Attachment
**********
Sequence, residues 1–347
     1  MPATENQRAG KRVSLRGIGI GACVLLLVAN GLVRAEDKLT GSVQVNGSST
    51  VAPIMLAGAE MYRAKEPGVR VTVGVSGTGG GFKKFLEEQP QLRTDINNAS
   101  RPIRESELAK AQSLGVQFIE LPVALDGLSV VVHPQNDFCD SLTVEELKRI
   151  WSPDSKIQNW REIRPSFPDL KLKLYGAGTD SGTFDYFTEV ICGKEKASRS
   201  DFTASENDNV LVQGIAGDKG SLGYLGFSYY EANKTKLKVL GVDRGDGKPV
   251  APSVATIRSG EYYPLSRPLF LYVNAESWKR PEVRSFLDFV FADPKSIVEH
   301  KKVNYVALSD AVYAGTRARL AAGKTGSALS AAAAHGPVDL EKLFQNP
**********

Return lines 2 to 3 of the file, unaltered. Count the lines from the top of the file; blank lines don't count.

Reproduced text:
     1  MPATENQRAG KRVSLRGIGI GACVLLLVAN GLVRAEDKLT GSVQVNGSST
    51  VAPIMLAGAE MYRAKEPGVR VTVGVSGTGG GFKKFLEEQP QLRTDINNAS